With the latest announcement of Google Chrome’s remote desktop application, it’s a great time to look at when and where virtual desktop infrastructure (VDI) makes sense. While there are significant benefits to leveraging VDI, there are still some security risks associated with these implementations.
As we see more and more organizations starting to outsource their data to services such as Amazon and Telco-based cloud environments, there is an increased importance around the security of the actual data that resides in these environments. In some cases, organizations are moving business-critical and privacy sensitive data off-site to take advantage of reduced infrastructure costs, but in some cases, to leverage the security postures of the cloud providers themselves.
This morning while absorbing large amounts of caffeine in a vain attempt to wake from a turkey induced coma, I came across an interesting article over on Tech News World on the Internet of Things. As some of you know, prior to joining the connected world of telecom, I actually spent awhile in the security space. Just long enough to adopt the constant state between paranoia and acceptance of the fact that everything is a security risk, much like my fellow security brethren.
So when I came across this article on the Internet of Things and the wonderful world of security as it relates to this new(ish) trend, it couldn’t help but intrigue me. Because well, whenever society gets a new toy to play with, you know there is a beautiful dark cloud of exploitation just around the corner. The internet of Things is wonderful, and it’s going to be a huge headache for security folks. Welcome to the (Unsecured) Internet of Things. Continue reading
It seems like every day half the twitter feeds around cloud are about the great advancements we have seen such as in OpenStack and Big Data, and the new technologies we are seeing to help drive adoption of cloud computing.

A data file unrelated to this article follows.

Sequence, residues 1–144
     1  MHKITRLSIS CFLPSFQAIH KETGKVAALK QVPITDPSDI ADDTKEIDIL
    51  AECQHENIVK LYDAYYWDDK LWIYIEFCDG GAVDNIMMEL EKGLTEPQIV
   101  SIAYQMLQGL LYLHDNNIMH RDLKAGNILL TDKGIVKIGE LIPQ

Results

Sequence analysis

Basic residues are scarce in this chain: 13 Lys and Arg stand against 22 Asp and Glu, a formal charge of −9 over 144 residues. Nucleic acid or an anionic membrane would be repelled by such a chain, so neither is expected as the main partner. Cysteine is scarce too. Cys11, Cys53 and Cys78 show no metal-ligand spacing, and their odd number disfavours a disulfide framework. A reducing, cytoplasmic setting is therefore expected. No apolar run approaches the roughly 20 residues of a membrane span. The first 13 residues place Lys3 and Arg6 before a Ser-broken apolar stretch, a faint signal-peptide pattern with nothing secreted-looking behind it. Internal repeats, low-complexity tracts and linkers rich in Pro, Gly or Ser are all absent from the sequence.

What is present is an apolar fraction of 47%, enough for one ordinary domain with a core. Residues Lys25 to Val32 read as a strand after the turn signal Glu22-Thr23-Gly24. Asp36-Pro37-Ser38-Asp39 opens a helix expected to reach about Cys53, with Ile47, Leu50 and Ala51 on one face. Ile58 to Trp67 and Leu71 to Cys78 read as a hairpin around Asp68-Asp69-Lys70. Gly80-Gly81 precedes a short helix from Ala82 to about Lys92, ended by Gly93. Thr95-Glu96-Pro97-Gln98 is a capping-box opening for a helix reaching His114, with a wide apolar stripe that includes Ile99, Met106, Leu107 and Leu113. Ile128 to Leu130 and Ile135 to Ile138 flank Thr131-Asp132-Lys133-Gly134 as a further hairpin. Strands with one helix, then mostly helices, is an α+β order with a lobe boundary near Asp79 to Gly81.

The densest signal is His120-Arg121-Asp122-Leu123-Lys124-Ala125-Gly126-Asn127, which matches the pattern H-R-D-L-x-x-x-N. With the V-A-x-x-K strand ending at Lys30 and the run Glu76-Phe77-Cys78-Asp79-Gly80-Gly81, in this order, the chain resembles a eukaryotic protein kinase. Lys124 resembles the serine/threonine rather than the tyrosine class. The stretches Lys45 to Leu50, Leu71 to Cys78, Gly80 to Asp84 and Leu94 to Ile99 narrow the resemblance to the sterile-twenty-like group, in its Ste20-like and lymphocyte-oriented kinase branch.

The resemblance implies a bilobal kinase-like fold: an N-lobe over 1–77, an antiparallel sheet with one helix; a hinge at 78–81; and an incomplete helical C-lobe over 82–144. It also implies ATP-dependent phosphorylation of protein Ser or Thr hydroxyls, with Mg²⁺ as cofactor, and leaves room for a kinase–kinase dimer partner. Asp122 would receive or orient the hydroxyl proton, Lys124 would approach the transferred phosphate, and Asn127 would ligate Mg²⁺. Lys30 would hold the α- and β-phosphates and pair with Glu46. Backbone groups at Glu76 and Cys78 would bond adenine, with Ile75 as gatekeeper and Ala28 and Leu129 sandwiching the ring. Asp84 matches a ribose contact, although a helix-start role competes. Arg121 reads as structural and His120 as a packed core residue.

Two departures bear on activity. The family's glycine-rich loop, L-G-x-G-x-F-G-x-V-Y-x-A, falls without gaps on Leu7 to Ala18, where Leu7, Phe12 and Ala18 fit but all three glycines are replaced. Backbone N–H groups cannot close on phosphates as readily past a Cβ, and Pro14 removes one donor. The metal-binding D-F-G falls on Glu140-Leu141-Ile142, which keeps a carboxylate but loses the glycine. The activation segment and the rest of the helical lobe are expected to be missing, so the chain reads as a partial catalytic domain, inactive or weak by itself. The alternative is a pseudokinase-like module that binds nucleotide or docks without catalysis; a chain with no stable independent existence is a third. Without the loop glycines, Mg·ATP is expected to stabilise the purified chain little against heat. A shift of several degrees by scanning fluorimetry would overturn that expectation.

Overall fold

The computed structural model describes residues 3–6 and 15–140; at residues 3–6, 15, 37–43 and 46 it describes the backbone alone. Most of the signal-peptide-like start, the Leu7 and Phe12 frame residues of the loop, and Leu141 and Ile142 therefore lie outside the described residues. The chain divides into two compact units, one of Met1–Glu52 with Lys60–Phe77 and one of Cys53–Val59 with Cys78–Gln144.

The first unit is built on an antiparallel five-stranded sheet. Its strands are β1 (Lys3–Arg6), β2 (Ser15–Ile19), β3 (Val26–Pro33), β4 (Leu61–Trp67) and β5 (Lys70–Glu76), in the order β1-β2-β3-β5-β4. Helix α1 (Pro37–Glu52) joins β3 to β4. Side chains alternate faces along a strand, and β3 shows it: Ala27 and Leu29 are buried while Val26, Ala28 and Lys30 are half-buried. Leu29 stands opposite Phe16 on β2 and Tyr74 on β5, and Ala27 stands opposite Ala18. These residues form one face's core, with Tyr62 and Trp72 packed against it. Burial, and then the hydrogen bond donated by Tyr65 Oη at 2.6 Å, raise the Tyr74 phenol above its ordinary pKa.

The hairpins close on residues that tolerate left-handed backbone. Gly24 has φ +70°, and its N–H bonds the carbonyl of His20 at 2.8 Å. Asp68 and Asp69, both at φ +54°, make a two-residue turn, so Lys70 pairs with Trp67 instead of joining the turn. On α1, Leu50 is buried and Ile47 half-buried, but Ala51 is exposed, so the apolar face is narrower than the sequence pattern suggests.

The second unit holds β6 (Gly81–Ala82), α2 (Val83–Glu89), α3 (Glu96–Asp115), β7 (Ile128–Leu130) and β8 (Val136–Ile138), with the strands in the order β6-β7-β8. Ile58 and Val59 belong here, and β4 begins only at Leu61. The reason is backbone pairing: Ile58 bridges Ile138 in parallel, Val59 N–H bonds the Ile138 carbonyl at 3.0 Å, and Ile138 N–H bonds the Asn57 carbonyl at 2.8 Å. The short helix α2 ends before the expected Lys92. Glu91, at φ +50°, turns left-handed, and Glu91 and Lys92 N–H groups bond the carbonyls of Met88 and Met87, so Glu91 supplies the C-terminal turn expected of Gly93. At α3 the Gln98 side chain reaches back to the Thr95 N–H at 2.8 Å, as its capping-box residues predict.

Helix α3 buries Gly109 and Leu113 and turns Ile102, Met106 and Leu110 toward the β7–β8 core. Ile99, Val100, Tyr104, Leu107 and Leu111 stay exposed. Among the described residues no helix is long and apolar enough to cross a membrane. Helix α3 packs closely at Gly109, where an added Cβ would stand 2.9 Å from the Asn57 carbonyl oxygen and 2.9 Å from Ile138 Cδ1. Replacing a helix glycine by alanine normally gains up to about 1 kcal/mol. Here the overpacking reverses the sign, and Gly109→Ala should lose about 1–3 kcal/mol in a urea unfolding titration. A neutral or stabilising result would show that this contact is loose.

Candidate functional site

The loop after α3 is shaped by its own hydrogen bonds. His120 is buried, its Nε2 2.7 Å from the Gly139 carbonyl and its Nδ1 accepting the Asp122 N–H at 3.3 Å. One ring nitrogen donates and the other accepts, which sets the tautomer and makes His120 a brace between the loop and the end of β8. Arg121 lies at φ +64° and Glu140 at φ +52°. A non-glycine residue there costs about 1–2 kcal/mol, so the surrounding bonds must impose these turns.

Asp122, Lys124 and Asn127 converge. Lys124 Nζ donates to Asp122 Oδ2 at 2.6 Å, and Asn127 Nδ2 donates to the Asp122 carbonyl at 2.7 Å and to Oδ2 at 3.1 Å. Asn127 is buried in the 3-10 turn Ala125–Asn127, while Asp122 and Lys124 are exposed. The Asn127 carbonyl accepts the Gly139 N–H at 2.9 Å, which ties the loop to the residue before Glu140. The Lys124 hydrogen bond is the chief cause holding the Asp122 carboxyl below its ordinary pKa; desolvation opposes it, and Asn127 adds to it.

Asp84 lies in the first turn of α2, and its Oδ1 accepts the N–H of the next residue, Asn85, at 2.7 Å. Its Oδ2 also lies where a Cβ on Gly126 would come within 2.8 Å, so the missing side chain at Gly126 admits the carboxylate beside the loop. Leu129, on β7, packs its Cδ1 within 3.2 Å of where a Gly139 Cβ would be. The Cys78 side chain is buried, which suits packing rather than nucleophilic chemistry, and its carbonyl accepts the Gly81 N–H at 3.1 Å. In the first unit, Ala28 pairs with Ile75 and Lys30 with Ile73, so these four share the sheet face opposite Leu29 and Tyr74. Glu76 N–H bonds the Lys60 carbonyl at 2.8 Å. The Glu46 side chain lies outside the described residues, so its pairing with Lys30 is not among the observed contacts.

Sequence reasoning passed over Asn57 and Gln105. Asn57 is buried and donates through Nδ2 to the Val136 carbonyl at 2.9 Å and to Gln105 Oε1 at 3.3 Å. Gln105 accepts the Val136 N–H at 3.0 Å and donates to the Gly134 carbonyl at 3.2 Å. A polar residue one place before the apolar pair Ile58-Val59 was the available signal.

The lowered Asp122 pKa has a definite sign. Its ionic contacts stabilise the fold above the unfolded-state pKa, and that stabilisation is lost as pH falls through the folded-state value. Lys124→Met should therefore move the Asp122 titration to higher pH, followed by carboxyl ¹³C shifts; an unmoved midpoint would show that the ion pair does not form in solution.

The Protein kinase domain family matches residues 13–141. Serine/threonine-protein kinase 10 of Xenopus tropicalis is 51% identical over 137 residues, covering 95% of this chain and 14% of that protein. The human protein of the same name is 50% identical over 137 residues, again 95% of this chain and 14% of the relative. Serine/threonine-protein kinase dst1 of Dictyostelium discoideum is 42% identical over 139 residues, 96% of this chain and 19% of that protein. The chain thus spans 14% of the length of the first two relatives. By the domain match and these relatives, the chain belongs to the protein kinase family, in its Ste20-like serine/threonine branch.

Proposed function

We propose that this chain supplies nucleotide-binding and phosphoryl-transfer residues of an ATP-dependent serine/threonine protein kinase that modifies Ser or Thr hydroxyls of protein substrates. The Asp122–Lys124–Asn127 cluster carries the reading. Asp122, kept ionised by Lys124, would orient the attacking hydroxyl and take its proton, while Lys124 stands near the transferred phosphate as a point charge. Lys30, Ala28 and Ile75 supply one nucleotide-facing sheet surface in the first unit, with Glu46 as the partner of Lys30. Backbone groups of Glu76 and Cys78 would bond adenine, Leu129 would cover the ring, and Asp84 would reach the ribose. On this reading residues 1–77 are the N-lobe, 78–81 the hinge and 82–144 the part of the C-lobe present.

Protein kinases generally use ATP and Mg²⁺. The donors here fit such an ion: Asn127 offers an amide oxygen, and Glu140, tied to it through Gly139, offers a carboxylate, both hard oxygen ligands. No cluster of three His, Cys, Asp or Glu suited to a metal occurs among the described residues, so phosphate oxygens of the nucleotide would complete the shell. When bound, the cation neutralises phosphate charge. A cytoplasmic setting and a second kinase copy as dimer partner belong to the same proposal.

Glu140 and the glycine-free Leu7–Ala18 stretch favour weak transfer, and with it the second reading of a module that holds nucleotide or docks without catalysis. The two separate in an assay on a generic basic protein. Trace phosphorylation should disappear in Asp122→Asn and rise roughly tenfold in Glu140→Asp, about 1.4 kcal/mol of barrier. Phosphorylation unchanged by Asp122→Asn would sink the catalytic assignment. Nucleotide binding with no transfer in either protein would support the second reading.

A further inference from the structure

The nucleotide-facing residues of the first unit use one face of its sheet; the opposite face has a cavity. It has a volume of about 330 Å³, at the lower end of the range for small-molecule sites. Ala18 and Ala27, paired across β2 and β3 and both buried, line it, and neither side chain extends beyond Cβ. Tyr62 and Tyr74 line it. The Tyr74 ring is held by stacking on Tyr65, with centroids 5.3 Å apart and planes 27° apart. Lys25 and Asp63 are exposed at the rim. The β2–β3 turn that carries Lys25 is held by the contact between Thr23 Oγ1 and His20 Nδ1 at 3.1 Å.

Unfortunately, the other half talks to encryption issues, data leaks, vendor uncertainty…doom and gloom. Most notably, the increased chatter around data privacy (both from an international government perspective, and the traditional risks associated with improper data loss protection controls) continues to impact one of the biggest trends trying to move forward: mobile device management. Continue reading
This week at VMworld, there was a lot of different shifts in the cloud industry felt. From security to functionality, the cloud started to inch a bit forward. One area in particular got the VMworld bump, mobility. According to VMware CEO Pat Gelsinger, we’ve moved past the mainframe to client-server transition and are now transitioning into a mobile-cloud stage. Wait, what? Doesn’t VMware focus on server virtualization solutions? Why does he care about the transition to mobile clouds? Continue reading
When I left the IT security space and moved into the mobility space, I got a lot of strange looks. Many people wondered why I was moving away from cloud and security and abandoning it for nice, shiny gadgets like tablets and smartphones. I still get the odd looks from people trying to figure out the correllation, and it’s only after sitting down with them that they realize that cloud has a LOT to do with mobility. In fact, if it wasn’t for mobility, some of the greatest innovations that are coming from cloud methodology wouldn’t exist. It’s thanks to mobility that the next wave of employee enablement is going to exist. Here’s why. Continue reading
Perhaps the biggest complexity when it comes to adopting cloud services is to manage the health and security of the cloud service. For organizations who build their own internal clouds, the burden of security and management falls solely on the organization’s fine IT folks, but what happens when you outsource the environment? Are you still required for all the care and feeding? Is there a better way? Continue reading